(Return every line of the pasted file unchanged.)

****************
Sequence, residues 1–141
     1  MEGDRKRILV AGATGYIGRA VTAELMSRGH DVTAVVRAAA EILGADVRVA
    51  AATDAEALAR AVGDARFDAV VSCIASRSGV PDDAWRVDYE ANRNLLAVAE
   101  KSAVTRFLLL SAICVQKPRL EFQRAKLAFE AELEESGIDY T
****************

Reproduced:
Sequence, residues 1–141
     1  MEGDRKRILV AGATGYIGRA VTAELMSRGH DVTAVVRAAA EILGADVRVA
    51  AATDAEALAR AVGDARFDAV VSCIASRSGV PDDAWRVDYE ANRNLLAVAE
   101  KSAVTRFLLL SAICVQKPRL EFQRAKLAFE AELEESGIDY T